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Change Comes to Dinner

Beans. It starts with beans. I was raised in the south with dried beans on the menu several times a week so I love them, but for many people the simple use of the word invokes visions of boredom and blandness (at best) and off-color jokes (at worst). Heirloom. That’s some dust-catcher your grandmother gave you, right? Beans + Heirloom = Heirloom beans called Good Mother Stallard from a company called Rancho Gordo New World Specialty Food, delivered by mail order. That is the improbable start of a book that examines the way we eat in America. For most of us however, comfort food means something other than Good Mother Stallard beans. That’s bad news.

There is bad news almost everywhere we look these days — and that includes the shelves of our local grocery store. Ingredient lists with words we can’t pronounce, let alone explain the meaning of, are commonplace. Entire industries exist that analyze taste-bud tissue reaction to artificial ingredients (never mind that some of them use cells from aborted fetuses to culture that tissue). Sure, it might taste like cheese on those chips, but it’s all a chemical illusion. More frightening still is the fact that those ingredients may be simultaneously making us sick and making us addicts — addicted to the very chemical that is threatening our health.

Along comes a writer, Katherine Gustafson, who sets out to see what alternatives there are to the highly-processed, chemical concoctions most of us call “food”…alternatives to food coming from half a planet away…alternatives to having to use a detective to find out the source of what’s on our plate. As a “foodie”, I was interested in what Change Comes to Dinner was all about. As a skeptic of activists, I was apprehensive about reading Change. Sure, all that fake stuff is bad for us…but let’s be realistic here. We live fast paced lives, where a “home cooked meal” likely comes from a bag in the freezer that is usually just heat-and-serve. Was this book going to be one more exercise in guilt and frustration for those of us who don’t grow our own organic produce, wear only organic natural fibers and ride our bikes everywhere?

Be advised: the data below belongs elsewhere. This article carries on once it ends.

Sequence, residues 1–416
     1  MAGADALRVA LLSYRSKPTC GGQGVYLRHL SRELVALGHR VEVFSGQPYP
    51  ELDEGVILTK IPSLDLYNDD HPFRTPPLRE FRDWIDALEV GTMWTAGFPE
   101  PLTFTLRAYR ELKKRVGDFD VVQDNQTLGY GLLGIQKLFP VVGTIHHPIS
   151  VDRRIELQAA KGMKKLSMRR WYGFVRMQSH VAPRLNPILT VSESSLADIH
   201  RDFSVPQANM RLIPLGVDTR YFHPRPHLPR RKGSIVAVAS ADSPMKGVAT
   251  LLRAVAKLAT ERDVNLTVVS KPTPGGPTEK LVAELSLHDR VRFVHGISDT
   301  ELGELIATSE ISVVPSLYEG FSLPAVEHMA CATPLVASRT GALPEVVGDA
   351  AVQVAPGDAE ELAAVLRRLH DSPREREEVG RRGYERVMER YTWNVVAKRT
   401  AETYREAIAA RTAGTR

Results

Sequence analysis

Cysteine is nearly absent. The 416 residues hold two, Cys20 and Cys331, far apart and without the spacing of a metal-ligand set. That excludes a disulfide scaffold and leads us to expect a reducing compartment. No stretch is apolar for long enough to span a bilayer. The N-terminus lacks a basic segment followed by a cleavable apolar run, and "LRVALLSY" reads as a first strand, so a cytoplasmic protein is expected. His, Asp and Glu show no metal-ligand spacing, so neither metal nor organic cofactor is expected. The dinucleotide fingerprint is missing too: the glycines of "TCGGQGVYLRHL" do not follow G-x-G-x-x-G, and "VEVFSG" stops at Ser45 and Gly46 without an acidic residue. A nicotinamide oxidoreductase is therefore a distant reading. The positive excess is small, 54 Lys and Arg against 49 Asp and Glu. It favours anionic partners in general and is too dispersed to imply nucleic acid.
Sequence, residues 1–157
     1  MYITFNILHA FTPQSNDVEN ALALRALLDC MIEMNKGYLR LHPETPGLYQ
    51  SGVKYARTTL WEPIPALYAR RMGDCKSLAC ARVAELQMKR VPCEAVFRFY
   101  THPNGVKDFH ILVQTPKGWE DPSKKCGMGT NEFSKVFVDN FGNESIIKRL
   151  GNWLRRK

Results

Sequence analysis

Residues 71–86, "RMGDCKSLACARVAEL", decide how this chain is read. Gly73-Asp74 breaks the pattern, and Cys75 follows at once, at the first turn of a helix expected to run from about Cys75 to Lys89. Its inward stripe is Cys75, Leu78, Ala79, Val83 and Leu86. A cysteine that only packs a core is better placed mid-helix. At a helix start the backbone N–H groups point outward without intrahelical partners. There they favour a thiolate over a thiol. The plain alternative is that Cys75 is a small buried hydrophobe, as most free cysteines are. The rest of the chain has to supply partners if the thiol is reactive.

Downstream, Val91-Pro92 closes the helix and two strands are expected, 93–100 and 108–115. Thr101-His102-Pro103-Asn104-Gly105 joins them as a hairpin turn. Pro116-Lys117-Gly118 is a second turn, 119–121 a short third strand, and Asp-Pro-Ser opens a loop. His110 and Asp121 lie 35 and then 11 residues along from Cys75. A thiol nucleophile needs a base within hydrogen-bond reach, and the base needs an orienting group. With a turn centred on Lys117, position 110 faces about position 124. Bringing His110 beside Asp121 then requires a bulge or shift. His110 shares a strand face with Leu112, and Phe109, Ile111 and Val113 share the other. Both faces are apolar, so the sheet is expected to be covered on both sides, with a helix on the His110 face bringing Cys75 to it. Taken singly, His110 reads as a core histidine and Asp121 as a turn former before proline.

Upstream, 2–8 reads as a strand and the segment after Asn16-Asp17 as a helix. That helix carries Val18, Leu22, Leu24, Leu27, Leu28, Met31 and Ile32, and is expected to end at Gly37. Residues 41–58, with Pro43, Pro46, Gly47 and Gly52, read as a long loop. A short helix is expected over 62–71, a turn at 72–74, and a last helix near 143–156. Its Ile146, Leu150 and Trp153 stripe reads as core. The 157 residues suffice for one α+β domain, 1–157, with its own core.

I’m happy to say that it was anything but an exercise in frustration and guilt. Change Comes to Dinner is well written and captures the depth and breadth of alternatives to the industrial food complex in a readable and entertaining way. Ms. Gustafson writes of rooftop greenhouses, inner city farms, a hospital that uses local produce and serves gourmet meals, student programs, small farm co-ops and everything in between.

If you’ve ever paid a high price for a store-bought tomato that was completely tasteless, you’ve been party to what has come to be known as commercial agribusiness. Rather than simply lamenting the “efficient” but often nutritionally void food we often find at our mega-marts, Katherine Gustafson shows that there are myriad choices for healthy, tasty, locally grown foods and that those non-mega-producers are actually good for the local economy and for the community as a whole. “There is value in diversity…[and] people deserve more than the tasteless schlock their corporate overlords deign to provide,” she writes. She searched for “…people who dared to strike out on their own to build a new vision of an alternative food universe….In Virginia, an entrepreneur sells the products of local farms to city dwellers in an old school bus cum roving produce market. In Iowa, an extension agent helps retiring farmers pass their farms down to younger ones. In Missouri, an organization doubles the value of food stamps used at farmers’ markets. In Arizona, a company develops a high-yield, low-risk method of growing food in shipping containers. In Washington State, a cooperative uses a mobile slaughterhouse to give small farmers access to needed facilities.” There are alternatives out there!

Whether you are concerned about the environment, troubled about your health vis a vis the food you eat, or simply someone who wants to eat food that tastes good, Change Comes to Dinner is worth reading. It will change the way you look at food. The book was so good, I may go back for seconds!

Change Comes to Dinner is published by St. Martin’s Press and will be released on May 8, 2012.

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Filed under Non-Fiction